Paradigms: Not An Author’s Best Friend

November 29th, 2004 · No Comments
by Booksquare

Sarah has an interesting post (and subsequent discussion) at the Idiosyncratic Mind on the effects of globalization when it comes to breaking into new international markets. She starts with a message from Lindsey Davis, who has lost her U.S.-based published. Davis indicates it’s due to sales via UK that resulted in her publisher’s reluctance to continue distributing her; Sarah builds on this idea while backbloggers look at other reasons behind a publisher dropping an author.

As always, we fall firmly in the wishy-washy crowd. Fans who buy the UK version of Davis’s book via Amazon rather than waiting for the US version to be (belatedly) released surely impact potential sales. A publisher depends on word of mouth and initial sales when new titles are released. While the world of mouth may be there, the sales won’t. It’s possible that Davis’s US numbers simply couldn’t support these lost sales — while cross-Atlantic sales wouldn’t be enough to make up for the lost contract.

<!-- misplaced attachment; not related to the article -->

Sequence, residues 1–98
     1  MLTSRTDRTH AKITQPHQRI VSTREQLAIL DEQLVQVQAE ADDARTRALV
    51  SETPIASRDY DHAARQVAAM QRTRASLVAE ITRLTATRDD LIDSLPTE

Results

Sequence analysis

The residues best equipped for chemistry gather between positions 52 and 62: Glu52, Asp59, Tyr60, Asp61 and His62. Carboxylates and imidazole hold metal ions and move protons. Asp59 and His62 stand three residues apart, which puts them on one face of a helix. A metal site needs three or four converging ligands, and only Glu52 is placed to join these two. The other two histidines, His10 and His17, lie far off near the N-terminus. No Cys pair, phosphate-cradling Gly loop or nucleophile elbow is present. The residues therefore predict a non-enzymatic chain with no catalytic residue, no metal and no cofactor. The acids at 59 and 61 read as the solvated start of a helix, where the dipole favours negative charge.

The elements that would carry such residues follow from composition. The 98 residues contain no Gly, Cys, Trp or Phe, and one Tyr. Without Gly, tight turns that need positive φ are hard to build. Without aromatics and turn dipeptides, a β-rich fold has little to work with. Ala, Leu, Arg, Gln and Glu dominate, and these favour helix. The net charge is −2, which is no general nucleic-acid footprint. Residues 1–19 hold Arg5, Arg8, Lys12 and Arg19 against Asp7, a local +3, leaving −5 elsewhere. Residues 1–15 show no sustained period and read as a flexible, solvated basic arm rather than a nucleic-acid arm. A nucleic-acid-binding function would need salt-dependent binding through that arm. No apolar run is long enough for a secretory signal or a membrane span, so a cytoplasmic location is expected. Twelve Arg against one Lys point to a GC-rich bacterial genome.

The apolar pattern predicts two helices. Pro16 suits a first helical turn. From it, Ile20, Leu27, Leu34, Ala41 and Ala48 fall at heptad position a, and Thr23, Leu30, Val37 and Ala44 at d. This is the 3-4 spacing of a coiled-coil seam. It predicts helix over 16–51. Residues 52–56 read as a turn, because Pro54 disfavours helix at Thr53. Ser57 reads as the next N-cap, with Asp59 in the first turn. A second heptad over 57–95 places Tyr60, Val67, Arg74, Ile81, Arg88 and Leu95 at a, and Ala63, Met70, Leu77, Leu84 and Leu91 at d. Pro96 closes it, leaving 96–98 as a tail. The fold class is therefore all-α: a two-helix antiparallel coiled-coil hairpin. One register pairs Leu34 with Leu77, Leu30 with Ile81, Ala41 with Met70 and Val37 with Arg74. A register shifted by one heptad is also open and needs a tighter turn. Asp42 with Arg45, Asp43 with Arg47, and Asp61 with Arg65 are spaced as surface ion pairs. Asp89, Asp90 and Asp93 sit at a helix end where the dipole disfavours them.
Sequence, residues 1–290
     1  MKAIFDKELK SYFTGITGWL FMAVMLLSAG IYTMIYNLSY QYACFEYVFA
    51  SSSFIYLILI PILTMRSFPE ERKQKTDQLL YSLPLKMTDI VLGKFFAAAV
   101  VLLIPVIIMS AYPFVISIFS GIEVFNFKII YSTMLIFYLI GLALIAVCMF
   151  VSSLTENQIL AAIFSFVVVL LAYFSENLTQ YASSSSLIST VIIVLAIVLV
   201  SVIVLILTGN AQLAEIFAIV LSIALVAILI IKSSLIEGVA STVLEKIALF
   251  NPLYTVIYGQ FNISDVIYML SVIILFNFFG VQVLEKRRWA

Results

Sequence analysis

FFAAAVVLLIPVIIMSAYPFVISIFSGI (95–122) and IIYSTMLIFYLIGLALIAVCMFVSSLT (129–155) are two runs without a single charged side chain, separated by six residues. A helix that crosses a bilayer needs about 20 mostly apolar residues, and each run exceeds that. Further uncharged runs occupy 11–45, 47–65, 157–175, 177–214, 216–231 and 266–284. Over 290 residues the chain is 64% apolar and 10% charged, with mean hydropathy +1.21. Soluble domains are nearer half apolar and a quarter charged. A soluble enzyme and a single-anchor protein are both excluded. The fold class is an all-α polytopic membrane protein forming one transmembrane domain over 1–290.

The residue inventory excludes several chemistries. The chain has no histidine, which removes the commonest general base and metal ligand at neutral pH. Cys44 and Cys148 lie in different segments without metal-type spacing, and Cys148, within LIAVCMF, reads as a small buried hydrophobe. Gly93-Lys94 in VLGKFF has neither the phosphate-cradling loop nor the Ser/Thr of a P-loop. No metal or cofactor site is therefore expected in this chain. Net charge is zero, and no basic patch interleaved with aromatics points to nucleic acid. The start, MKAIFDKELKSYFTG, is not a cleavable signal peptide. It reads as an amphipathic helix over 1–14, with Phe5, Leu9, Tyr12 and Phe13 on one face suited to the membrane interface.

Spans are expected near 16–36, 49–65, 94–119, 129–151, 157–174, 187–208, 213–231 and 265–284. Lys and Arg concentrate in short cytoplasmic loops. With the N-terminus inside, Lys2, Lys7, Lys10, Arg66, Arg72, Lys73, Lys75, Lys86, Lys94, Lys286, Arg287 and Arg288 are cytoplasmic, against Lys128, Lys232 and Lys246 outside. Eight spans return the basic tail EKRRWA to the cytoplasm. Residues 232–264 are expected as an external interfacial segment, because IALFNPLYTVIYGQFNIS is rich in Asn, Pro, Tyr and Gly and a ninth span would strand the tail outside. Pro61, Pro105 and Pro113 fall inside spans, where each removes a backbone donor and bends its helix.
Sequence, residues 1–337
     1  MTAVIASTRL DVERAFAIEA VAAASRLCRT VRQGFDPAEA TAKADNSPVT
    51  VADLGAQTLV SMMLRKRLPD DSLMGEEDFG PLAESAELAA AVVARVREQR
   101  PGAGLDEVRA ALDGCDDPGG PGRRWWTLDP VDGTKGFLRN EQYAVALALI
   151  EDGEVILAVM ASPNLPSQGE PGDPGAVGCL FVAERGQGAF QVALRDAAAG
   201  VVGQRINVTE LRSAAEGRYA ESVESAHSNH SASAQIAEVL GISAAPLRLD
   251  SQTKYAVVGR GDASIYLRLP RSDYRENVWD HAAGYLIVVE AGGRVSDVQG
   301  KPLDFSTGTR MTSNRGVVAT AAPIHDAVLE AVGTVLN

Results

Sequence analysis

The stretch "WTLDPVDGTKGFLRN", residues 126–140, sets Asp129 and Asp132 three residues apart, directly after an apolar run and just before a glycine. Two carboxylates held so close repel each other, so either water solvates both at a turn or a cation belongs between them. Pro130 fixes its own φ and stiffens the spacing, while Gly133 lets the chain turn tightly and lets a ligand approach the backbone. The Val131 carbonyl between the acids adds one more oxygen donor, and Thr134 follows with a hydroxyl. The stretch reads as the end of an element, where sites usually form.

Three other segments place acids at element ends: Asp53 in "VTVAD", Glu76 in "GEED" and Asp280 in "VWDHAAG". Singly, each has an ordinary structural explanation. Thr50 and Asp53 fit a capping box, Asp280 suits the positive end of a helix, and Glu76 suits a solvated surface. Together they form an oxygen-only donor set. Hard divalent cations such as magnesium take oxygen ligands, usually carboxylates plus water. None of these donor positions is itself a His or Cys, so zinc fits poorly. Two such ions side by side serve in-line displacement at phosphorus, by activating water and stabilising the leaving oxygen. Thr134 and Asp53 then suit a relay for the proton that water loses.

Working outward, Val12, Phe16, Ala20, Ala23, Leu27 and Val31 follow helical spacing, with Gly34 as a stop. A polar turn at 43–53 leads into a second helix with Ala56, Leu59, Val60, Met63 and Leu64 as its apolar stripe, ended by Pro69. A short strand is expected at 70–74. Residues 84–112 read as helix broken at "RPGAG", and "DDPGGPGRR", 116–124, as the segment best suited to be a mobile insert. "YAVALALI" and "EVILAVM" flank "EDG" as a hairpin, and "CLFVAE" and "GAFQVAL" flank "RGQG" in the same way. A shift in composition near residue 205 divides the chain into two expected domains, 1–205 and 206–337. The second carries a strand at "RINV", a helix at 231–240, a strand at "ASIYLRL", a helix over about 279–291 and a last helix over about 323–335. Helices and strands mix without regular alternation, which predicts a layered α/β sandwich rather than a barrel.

A simultaneous (or close to it) release of a book in major territories is highly desirable. People are fickle. Readers move on to the next book — after all, we all have far too many to read. If the US released is delayed by a year or more, and a book is ordered and read upon release in its home territory, the reader will likely not be as enthused about engaging in the necessary discussion and recommending a smaller title needs to attain success. Simultaneous releases allow fan bases on both sides of the Atlantic to generate the type of buzz that allows an author to cross over into new markets.

But publishing tools along merrily on an old business model. The stepped-release pattern is a classic, and one surely doesn’t mess with that. Of course, it also came into being long before the Internet and modern distribution channels. What made sense twenty-five or seventy-five years ago may need to be revisited. In the meantime, there’s a British author out there looking to break into the U.S. market…

File Under: Square Pegs